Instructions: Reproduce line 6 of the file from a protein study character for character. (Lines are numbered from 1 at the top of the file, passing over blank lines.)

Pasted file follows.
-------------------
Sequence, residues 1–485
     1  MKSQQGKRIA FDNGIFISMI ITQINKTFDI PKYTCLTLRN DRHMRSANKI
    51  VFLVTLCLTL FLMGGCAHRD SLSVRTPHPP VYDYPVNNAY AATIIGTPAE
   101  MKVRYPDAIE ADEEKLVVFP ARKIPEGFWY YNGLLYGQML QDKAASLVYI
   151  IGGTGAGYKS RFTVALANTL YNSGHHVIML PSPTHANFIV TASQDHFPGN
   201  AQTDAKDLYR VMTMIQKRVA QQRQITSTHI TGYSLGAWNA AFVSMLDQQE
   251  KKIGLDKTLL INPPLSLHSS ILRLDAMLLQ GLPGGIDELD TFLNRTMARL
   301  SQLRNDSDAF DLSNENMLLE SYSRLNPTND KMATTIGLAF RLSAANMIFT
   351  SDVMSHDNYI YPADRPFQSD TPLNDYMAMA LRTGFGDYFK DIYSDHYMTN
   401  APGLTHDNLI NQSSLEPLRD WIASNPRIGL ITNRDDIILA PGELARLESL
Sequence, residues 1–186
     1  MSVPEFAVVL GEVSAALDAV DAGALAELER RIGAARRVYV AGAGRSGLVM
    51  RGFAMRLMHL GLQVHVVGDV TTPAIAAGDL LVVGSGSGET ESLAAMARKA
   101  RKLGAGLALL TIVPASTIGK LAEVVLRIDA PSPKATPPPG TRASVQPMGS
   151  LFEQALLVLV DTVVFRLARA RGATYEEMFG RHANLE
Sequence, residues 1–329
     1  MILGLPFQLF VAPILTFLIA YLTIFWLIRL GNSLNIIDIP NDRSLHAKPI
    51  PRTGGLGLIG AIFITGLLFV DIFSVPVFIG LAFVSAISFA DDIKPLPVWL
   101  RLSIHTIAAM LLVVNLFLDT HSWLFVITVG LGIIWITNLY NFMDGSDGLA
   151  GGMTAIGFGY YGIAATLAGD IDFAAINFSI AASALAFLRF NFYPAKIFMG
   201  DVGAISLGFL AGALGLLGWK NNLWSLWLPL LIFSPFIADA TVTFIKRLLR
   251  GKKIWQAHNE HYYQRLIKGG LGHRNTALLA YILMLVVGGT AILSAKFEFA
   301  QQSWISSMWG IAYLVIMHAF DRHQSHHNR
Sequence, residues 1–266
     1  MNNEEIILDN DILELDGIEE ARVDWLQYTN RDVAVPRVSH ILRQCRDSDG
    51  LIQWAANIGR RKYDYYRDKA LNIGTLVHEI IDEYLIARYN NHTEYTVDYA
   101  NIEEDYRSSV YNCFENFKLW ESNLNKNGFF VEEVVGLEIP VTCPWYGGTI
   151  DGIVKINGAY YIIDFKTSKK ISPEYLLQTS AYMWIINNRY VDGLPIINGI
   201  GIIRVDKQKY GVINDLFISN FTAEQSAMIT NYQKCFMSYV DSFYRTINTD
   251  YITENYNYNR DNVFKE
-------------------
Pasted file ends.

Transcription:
   201  AQTDAKDLYR VMTMIQKRVA QQRQITSTHI TGYSLGAWNA AFVSMLDQQE